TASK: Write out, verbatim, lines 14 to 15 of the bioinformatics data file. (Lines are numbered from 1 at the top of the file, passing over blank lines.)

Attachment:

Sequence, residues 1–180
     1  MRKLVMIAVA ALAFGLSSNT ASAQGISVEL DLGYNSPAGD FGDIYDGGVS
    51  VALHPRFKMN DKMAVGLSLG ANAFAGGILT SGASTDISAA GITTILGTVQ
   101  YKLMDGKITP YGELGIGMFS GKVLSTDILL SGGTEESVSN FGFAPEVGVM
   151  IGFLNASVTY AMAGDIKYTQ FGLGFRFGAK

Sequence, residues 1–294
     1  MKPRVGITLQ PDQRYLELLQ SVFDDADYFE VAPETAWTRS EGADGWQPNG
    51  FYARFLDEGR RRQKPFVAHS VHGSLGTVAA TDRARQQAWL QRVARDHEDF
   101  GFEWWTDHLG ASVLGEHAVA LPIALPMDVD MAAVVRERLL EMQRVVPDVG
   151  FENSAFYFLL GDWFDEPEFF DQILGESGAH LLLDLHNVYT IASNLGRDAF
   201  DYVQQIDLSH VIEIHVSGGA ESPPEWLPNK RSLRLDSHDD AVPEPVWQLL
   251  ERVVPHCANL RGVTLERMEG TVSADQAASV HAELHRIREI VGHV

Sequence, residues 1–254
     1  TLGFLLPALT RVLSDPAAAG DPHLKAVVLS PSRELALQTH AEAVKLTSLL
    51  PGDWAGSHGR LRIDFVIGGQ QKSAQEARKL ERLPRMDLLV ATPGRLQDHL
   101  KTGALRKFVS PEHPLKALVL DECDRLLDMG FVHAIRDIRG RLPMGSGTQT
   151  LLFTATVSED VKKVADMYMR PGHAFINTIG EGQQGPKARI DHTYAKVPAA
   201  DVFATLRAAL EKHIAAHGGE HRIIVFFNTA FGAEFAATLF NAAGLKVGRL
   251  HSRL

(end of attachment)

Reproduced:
     1  TLGFLLPALT RVLSDPAAAG DPHLKAVVLS PSRELALQTH AEAVKLTSLL
    51  PGDWAGSHGR LRIDFVIGGQ QKSAQEARKL ERLPRMDLLV ATPGRLQDHL